Top 10 fiction books for Christmas
As the nights draw in and the fires come on, there’s nothing quite like getting lost in a good book. Affordable, educational and fun, books (the physical kind) also make great Christmas presents, too, creating memories that will last long after the wrapping paper has been torn off and thrown into the recycling. Trawling around independent book shops is also a treat, with great examples in Norwich, Holt, Swaffham and Wymondham to name but a few hotspots.
In the next few posts, I’ll be covering Christmas book ideas for kids, young adult books and coffee tables but let’s kick off with the Top ten fiction titles. Reading glasses at the ready…
Exposure by Helen Dunmore (Windmill Books, Penguin Random House)
London, Winter 1960-1961: it’s the height of the Cold War and Lily Callington will do anything to protect her family after her husband is falsely imprisoned for treason. A deadly cat-and-mouse game ensues with the sinister scene-stealing Julian Clowde. Novelist, children’s writer and poet, Dunmore doesn’t disappoint after her haunting novel, The Lie.
The Improbability of Love by Hannah Rothschild (Bloomsbury)
When lovelorn Annie McDee stumbles across a long-lost Watteau sketch she is drawn into a byzantine world of art dealers, auctioneers, racketeers and a terrifying 90-year-old collector called Memling Winkleman. It’s a slow starter but get through its first 100 pages and this Dickensian art world caper fairly clips along.
Number 11 by Jonathan Coe (Faber & Faber)
Coe’s most scathing State of the Nation novel since his 1994 classic What a Carve Up! A diverse collection of characters including the latest grotesque incarnations of the Winshaw dynasty enter in and out of the memoirs of its put-upon protagonist, Rachel. Comic, satirical and always readable, you’ll have to find out for yourself why it’s called Number 11.
Purity by Jonathan Franzen (Fourth Estate, HarperCollins)
When debt-ridden student Pip Tyler (aka Purity) starts working for a charismatic Wiki-Leaks-like hacker, she embarks on a journey to find her father, and herself. Prepare to be dazzled by characters the equal of Trollope and a kaleidoscopic narrative to match. Could this be The Great American Novel? We have great expectations…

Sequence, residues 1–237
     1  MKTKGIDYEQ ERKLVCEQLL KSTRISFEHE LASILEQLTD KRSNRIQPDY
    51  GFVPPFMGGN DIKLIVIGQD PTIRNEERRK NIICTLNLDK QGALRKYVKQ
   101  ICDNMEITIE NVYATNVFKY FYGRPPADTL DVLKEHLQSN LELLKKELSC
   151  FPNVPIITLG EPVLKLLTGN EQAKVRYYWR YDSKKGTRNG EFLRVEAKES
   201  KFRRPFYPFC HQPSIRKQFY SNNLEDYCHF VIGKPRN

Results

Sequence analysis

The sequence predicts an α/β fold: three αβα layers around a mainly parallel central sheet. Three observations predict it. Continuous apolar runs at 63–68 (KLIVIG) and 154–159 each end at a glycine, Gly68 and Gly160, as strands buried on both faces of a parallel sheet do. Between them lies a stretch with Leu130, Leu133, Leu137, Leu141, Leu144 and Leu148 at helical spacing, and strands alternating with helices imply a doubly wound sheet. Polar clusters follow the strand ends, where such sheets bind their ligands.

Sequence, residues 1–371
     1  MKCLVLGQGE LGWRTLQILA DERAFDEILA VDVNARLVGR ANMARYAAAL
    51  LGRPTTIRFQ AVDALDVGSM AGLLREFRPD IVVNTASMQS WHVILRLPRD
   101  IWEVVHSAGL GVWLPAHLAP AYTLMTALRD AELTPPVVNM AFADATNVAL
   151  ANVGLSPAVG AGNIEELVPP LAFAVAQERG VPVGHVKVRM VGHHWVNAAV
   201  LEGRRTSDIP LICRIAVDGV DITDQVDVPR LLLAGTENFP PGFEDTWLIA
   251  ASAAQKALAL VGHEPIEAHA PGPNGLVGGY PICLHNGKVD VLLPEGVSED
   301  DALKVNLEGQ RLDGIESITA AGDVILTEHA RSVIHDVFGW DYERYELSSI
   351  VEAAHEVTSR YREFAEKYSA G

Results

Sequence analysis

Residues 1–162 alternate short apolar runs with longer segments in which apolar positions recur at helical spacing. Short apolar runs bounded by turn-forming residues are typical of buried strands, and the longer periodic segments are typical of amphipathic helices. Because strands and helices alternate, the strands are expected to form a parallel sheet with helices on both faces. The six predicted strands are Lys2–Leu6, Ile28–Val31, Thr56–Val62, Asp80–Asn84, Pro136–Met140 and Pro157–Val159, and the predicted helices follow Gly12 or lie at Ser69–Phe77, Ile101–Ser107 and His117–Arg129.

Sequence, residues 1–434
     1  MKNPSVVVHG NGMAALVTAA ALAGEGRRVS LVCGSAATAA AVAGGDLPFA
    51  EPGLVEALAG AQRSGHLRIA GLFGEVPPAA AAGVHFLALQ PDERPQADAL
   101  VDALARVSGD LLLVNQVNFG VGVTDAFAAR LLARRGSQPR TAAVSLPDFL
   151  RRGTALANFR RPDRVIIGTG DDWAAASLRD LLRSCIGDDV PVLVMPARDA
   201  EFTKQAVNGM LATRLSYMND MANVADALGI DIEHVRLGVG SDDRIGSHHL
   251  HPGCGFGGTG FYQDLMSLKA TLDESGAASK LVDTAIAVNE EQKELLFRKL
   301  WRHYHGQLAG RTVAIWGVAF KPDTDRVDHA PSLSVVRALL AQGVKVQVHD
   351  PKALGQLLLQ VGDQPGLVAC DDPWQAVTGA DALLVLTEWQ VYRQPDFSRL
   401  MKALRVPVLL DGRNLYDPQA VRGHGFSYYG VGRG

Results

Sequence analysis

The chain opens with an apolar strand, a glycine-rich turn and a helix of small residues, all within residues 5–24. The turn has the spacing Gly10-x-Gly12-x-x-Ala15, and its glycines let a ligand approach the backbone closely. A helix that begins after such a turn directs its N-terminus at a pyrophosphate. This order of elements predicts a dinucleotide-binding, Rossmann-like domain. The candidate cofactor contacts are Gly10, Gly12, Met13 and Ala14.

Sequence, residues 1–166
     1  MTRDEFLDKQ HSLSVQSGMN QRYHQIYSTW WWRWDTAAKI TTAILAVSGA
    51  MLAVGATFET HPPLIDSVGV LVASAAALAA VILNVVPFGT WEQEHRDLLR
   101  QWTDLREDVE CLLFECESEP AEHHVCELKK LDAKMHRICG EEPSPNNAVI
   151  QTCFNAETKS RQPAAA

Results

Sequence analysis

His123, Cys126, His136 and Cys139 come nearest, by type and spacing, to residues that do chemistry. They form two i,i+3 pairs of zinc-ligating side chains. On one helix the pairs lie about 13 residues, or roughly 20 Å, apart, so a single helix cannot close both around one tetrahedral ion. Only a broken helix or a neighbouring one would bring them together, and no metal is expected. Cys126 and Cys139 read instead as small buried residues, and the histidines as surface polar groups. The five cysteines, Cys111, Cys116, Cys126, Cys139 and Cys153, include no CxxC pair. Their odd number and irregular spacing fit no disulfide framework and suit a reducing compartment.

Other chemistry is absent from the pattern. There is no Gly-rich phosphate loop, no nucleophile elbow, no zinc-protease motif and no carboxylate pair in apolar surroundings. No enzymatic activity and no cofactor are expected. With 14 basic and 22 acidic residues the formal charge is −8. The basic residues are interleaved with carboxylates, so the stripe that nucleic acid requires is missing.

Sweet Caress by William Boyd (Bloomsbury)
Sweet Caress spins a picaresque tale of photo-journalist, Armory Clay. From her eccentric childhood to the demimonde of 1920s Berlin, through 1930s London and New York to her exploits in Occupied France and the Vietnam War, it’s another of Boyd’s compelling tales of a supposedly real life lived to the full. And then some…
The Little Red Chairs by Edna O’Brien (Faber & Faber)
A charismatic visitor appears in the wilds of Cloonoila and wreaks havoc in a small Irish coastal community. Fidelma McBride’s headlong infatuation with the satanic stranger takes her to the very outer reaches of London society and the Hague International Criminal Tribunal for Yugoslavia. This is an intense, searing novel from O’Brien who, in her ninth decade, is at the height of her powers.
Villa Triste by Patrick Modiano, translated from the French by John Cullen (Daunt Books)
It’s been 40 years since the last English translation of Modiano’s elliptical novel about a young man’s debauched summer in the company of an enigmatic doctor, a seductive actress and her depressed Great Dane. Winner of the 2014 Nobel Prize in Literature, Modiano has been described as ‘a Marcel Proust of Our Time.’
The Watchmaker of Filigree Street by Natasha Pulley (Bloomsbury)
Nathaniel Steepleton is a lowly British Home Office telegrapher. When a gold timepiece with magical properties appears in his home, it starts a journey into the world of the watch’s maker and sinister inventor. Accompanying Nathaniel through Victorian London and Japan is plainspoken Oxford physicist Grace Carrow. This wry debut novel from newcomer Pulley ticks along nicely.
Where my Heart Used to Beat by Sebastian Faulks (Vintage, Penguin Random House)
An English doctor faces up to the events that have shaped his life: World War II service in Italy, his idealistic psychiatric work in the 1960s and a passionate affair with a certain Genoese lady. Nobody writes about War like Faulks. A heady mix of For Whom the Bell Tolls and The Magus, it’s a must-read.
Contagion by Thelma Fisher (Folly Press)
A self-published novel printed in hundreds rather than thousands is hardly the stuff of bestsellers. However, Fisher’s intense novel about imploding family relationships set in foot-and-mouth-riven Cumbria is bucking the trend. Fisher, an ex-CEO of National Family Mediation and co-author of Divorce for Dummies clearly knows a thing or two about the human heart.